By allowing ads to appear on this site, you support the local businesses who, in turn, support great journalism.
Party divide apparent in election choice for Wisconsin's 3rd Congressional District
Kind 1c
Democratic incumbent U.S. Congressman Ron Kind

The Wisconsin Third Congressional District race between Democratic incumbent Congressman Ron Kind and Republican challenger Tony Kurtz is a choice between two very different ideologies. Each strongly identifies with their party’s current platform, though Kind has been known to buck his own party when the fight is right, such as his opposition to corporate farm subsidies in the Farm Bill. Whether Kurtz would be willing to do so can only be conjectured, as he is lacking in any past political experience.

So why run against an incumbent who has successfully won nine elections as Kind has? Dissatisfaction and frustration, according to Kurtz.

Top of the list of legislation gone wrong for the Republican is the Affordable Care Act, which Kurtz wants to see repealed.

“People should not be forced to purchase coverage,” Kurtz said.

The candidate said most of those he has spoken to have not been helped by ‘ObamaCare,’ rather they have been penalized and are having to pay more for insurance due to the loss of BadgerCare Plus.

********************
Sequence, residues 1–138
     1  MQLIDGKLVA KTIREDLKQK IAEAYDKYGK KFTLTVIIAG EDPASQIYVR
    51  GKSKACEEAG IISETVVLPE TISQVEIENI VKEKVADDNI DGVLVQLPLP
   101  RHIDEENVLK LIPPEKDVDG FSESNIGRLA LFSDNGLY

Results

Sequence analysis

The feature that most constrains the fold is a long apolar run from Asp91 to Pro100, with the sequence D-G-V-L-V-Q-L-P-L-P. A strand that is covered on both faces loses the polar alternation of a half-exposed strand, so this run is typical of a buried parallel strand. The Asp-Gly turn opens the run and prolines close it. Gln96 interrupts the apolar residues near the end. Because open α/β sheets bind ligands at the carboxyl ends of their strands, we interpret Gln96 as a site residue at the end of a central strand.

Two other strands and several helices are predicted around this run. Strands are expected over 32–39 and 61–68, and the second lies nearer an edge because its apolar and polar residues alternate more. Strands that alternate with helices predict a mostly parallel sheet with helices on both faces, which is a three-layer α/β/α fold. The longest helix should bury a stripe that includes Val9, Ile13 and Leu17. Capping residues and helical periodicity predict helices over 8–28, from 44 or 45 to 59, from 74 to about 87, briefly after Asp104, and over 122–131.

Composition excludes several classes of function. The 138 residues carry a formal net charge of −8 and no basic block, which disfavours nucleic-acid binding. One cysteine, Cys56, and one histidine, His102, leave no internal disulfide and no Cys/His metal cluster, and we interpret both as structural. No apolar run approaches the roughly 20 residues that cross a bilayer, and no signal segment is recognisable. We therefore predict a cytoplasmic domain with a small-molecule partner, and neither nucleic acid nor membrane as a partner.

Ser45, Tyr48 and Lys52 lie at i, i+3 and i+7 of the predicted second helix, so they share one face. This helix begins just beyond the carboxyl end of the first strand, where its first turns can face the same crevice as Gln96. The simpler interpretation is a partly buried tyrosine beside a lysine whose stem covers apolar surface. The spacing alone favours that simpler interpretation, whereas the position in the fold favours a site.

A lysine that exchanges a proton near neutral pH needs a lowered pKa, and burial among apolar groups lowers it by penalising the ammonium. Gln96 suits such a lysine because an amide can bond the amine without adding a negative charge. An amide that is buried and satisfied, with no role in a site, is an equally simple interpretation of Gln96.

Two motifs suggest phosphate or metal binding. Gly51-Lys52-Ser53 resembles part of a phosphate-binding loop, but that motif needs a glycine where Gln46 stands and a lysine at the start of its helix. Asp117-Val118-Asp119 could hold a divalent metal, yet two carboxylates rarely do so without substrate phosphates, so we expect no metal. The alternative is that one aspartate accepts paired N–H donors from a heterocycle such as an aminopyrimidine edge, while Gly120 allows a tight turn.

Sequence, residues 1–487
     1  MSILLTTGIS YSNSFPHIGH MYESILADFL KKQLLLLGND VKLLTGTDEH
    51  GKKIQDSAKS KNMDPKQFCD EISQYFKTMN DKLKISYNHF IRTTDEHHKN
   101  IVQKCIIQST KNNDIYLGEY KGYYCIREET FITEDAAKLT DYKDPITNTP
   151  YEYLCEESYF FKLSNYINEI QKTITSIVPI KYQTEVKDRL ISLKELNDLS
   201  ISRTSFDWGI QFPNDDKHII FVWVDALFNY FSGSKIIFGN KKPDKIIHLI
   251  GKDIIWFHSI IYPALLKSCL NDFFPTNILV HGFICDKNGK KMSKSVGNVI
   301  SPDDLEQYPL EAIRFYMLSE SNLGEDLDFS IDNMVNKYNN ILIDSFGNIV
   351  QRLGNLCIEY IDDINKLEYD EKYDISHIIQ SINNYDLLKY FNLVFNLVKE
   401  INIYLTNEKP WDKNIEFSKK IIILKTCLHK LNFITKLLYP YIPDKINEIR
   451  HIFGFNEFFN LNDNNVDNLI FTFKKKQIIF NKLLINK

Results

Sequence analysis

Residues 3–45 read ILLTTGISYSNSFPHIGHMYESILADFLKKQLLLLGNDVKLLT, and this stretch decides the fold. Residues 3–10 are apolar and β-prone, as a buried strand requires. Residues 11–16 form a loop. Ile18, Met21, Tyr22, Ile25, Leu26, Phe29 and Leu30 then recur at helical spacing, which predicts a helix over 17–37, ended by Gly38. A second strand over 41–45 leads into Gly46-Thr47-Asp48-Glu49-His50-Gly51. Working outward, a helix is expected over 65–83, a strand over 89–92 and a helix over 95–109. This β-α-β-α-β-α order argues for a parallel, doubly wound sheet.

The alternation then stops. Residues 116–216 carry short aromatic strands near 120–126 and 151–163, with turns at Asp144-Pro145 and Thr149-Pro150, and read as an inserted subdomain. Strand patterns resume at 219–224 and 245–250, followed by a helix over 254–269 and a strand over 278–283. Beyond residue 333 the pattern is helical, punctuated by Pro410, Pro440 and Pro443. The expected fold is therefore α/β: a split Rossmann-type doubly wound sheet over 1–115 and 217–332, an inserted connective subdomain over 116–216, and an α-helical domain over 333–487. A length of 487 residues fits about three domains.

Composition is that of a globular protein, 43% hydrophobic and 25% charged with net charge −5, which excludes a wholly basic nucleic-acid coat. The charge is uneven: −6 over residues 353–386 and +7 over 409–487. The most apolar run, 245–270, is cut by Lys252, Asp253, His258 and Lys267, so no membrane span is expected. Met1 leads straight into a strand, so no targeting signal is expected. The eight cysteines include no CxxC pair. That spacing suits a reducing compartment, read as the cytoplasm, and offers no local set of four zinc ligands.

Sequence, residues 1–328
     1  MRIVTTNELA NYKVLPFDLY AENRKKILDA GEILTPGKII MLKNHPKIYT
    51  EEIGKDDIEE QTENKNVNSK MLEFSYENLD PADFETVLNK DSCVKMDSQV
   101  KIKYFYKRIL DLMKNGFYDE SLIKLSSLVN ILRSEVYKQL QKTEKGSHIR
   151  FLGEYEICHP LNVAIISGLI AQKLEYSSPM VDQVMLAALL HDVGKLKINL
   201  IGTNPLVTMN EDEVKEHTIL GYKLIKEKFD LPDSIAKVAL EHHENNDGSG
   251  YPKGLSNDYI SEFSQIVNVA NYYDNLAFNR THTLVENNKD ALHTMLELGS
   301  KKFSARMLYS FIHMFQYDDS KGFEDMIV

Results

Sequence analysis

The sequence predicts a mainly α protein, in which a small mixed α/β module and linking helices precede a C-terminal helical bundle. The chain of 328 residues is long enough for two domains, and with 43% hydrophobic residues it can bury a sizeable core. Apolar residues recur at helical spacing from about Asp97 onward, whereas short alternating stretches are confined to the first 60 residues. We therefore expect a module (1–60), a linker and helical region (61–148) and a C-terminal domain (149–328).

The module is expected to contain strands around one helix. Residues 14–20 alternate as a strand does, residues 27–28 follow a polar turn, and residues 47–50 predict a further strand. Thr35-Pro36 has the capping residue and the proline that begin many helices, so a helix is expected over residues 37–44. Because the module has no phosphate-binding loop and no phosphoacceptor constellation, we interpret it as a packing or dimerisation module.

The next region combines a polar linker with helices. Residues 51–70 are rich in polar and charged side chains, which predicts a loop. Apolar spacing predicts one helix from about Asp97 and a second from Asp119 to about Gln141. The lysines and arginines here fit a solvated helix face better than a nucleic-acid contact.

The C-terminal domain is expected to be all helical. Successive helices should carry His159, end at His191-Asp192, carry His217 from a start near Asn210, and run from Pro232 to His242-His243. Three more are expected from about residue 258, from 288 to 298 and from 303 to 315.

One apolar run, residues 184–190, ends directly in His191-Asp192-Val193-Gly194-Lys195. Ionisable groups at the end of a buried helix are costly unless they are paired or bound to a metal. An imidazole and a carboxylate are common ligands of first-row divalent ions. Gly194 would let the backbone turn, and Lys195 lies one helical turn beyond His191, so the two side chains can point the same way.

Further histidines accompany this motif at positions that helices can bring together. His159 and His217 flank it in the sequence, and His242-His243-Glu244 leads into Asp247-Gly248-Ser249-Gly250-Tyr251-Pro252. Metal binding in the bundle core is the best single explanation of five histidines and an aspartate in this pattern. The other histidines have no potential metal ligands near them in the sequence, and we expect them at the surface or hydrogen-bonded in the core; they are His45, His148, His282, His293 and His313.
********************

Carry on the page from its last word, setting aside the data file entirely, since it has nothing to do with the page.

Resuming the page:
Kurtz feels competition across state lines for premiums rates, expanding the risk pool, and expansion of health savings accounts are better options for improving health coverage.

“The problem was cost, not availability,” Kurtz said.

“Let’s allow the state to have the plans they had before like BadgerCare Plus. Let’s bring these things back,” Kurtz said.

Acknowledging that cuts to the BadgerCare Plus program were the result of changes implemented by Governor Scott Walker, Kurtz still laid the loss of coverage by many lower income Wisconsinites under stricter income guidelines as a direct result of implementation of the ACA.

Kind is proud of his vote for passage of the Affordable Care Act and continues to support the program, which he acknowledges is imperfect and needs improvement.

“We had a healthcare system that was failing too many people,” Kind said. “We had to disrupt the status quo. And we did. We have over 140,000 more people in Wisconsin alone who have health coverage.”

Kind said the program gives states and the federal government tools for increasing the efficiency, basing payments on the value, the quality, of care instead of volume.

“I wish Governor Walker would revisit his decision to reject money for the expansion of Medicaid,” Kind said. “It would allow people to continue on BadgerCare Plus that were never intended to be part of the marketplace for insurance coverage.”

Kind sees the hostility toward the program as detrimental, overlooking the benefits of having a nation where everyone has access to health care.

“The ACA is not perfect, but it put a stop to lifetime limits, it has ensured you cannot be denied coverage because you have a condition, it has begun to bring down prescription costs, it has improved access to earlier testing and preventative care,” Kind said.

Both candidates agree that national debt is in need of addressing.

Kurtz sees reorganization of the federal government as the path to cutting costs.

“I would suggest a three to five year program of going agency to agency to evaluate what is working and what can be eliminated,” Kurtz said.